That is very important, dear friends. Let us go on, but not alone. Let us go on in our home, where there are other children of God, but not alone; not cancelling the others out -- wiping them out, as it were -- and saying: 'They are not going on, so I will leave them and go on!' The grace of God is such that, while it is true these others may have grieved Him and failed Him, He has not forgotten them and has not left them. How can you and I ignore them, in our assemblies, and in all our contacts with God's children, wherever they are found? There is a sense, I know, in which we must press on, whatever others do, but there is also a sense in which we will not. Because of the greatness of God's grace we will not despair of His people. We will not harshly and critically rule them out. We will bring them to Him in prayer, if by any means we may prevail yet further on the grace of God, that His people may indeed go on with Him.

So this matter of knowing the grace of God is very important, and has far-reaching effects upon our life. Because Moses knew the infinite grace of God, he went on. The people often turned away from him, criticized him, grumbled at him, murmured against him, and slighted him, but that is another great blessing about the grace of God -- it produces a spirit of meek patience in the heart. The opposite of meekness, of course, is pride. Pride is the mark of legalism, pride at being different, pride of being better, pride of position, or resentment because of personal injustice. The more we are steeped in the grace of God, the more careless we become about our own little rights, and the more we are able to go on and not be offended, even with those who are sometimes very difficult to go on with. That was Moses' experience, at any rate. He was the meekest of all men. I do not think he was so naturally, but because he was taken up with the amazing grace of God, and that sense of God's grace made him put himself in his right perspective. He saw how little he was, how puny and how foolish, and his attitude to these critical people was jealousy for the Lord indeed, and concern for the responsibility which he had to bear, but also, who was he that he should fight for himself?


"As I was with Moses, so I will be with thee." Do not begin to think that Moses was a wonderful man. If you do you miss the point. Do believe this: Moses had a wonderful God. "As I was with Moses, so I will be with thee.... Certainly I will be with thee ... My presence shall go with thee, and I will give thee rest." That was a great feature of God's being with Moses -- the rest of heart that He brought to His servant, since the Lord's presence with him was the Lord's undertaking of all responsibilities for him. Let us go on -- not in a strained, burdened, worried giving of ourselves to this matter of spiritual progress, but with a blessed casting of all our care upon the Lord. Spiritual progress must be restful, or it is not progress. It is not that fretful worry and questioning, straining, and sometimes, praying, that [64/65] produces spiritual progress. There was an occasion when the Lord said to His servant, who was evidently crying to God to come in and work mightily: "Wherefore criest thou unto me? Speak unto the children of Israel, that they go forward" (Exodus 14:15). 'Count on Me! My presence shall go with thee, and I will give thee rest!' What a restful life!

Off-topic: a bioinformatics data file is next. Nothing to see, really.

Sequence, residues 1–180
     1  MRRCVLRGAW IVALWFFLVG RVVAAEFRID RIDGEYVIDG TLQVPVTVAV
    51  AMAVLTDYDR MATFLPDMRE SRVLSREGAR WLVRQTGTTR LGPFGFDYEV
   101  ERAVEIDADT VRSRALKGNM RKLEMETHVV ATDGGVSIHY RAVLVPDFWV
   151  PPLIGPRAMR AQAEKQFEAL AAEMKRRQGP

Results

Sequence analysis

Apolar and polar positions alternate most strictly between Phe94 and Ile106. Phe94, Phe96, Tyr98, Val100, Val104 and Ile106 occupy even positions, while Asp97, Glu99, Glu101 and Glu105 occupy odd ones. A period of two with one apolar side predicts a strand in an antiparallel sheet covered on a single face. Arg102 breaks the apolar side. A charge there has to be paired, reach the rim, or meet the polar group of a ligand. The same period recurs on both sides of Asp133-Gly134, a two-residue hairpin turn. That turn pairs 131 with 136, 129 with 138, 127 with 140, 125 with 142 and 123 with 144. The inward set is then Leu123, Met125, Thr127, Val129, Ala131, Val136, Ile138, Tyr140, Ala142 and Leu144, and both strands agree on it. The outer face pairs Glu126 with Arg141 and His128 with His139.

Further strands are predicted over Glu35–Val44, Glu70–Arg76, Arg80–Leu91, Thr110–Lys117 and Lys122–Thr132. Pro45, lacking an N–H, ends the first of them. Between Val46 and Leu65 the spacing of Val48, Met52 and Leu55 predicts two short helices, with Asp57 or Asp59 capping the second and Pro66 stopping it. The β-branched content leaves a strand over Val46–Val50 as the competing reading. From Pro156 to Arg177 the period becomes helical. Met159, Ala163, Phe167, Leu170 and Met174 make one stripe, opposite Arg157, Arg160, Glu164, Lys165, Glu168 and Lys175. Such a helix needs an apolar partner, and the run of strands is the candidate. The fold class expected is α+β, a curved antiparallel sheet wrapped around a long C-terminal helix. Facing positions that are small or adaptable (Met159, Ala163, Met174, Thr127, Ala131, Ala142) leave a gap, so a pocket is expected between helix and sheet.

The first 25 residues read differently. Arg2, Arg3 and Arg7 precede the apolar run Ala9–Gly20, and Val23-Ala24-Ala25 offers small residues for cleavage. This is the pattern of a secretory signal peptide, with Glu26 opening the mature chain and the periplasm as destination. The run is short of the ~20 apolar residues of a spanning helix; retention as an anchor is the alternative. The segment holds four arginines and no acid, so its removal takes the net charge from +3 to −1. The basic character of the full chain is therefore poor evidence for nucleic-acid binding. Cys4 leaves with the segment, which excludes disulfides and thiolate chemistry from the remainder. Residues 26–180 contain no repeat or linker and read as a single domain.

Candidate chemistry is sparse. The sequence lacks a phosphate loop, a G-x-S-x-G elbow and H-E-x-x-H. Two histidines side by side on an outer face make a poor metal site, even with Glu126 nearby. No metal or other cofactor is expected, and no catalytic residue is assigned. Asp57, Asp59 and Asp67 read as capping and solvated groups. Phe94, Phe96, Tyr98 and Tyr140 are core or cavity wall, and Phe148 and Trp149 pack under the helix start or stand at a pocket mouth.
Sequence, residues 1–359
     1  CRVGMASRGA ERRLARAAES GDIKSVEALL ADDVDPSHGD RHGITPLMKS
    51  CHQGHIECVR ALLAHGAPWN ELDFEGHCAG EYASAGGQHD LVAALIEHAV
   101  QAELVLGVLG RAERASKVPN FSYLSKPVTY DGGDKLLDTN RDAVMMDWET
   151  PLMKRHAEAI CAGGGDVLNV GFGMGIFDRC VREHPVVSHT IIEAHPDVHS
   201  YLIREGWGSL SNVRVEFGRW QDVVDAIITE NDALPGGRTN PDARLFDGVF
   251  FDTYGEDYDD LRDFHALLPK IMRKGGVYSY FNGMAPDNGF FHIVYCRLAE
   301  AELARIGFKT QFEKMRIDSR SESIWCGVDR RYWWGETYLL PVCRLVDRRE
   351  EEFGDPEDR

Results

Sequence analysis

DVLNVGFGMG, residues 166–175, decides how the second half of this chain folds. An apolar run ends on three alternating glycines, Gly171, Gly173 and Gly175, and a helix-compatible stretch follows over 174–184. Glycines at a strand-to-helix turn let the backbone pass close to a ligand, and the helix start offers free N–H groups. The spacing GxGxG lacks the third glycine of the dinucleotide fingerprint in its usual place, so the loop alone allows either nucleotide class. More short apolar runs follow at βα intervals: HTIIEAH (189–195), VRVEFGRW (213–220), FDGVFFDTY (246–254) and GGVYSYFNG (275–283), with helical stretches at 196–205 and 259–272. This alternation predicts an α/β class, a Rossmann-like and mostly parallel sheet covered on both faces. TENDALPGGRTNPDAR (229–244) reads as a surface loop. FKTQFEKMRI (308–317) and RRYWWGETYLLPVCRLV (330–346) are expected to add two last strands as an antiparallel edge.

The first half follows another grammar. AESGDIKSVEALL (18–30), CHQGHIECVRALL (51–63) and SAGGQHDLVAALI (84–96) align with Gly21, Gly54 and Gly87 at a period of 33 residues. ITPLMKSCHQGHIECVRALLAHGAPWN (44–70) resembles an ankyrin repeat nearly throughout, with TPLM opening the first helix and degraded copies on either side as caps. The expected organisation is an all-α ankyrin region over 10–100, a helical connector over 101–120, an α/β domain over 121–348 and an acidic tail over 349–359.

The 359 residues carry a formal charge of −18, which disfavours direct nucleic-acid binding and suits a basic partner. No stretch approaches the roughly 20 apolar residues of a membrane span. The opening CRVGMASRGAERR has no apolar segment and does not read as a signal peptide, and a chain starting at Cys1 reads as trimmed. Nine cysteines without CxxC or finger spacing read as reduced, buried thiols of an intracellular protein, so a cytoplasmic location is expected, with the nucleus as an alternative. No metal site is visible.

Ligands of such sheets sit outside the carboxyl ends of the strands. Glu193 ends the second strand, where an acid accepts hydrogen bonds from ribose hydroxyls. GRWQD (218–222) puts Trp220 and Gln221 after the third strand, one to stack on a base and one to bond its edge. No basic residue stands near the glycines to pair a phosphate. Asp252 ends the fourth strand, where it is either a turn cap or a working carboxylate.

Moses was responsible for many thousands of people for forty years. He had nothing with which to make provision for them. He turned to the Lord sometimes out of rest, demanding in desperation what he should do. How could he give them water? They were ready to stone him, but how could he give them water? How could the Lord provide flesh for a great multitude like that? But, whatever else the Israelites died of, they never died from lack of water. The Rock followed them -- the Lord was with them. And not one of them died from hunger, and not one of them died from malnutrition because they only had manna. They all died, but they did not die of that. The Lord was sufficient. Moses never had to produce anything, for God did it. I am quite sure that as Moses looked back on his life there were incidents that he regretted, and he must have wondered why he was so foolish as to get in a fret and strain and worry, when all the time he had God's presence pledged -- "Certainly I will be with thee." That did not mean that he left everything to God and sat back and enjoyed himself. The life of Moses, at least during those last forty years was not a contemplative life, but a life of action, with many responsibilities which he never shirked. He was a worker. And yet you have only to read the last chapter of the book of Deuteronomy, which tells of Moses' death, to find that he was never more alive. Whatever he died of, it was not the worry and tear of the wilderness life. He was a "hundred and twenty years old when he died: his eye was not dim, nor his natural force abated" (Deuteronomy 34:7).

What does that mean? Please do not begin to play foolishly with the Word of God, as God's children do, and believe all sorts of things that the Scriptures do not warrant, such as: 'The Lord will always keep you strong and well and young, and you can always trust Him to send you money from some miraculous place, and to do extraordinary things for you.' It does not mean that at all. The spiritual meaning behind is that Moses had not to contribute his natural energy to carry through the purposes of God. God did it, and Moses was at rest even while he served God.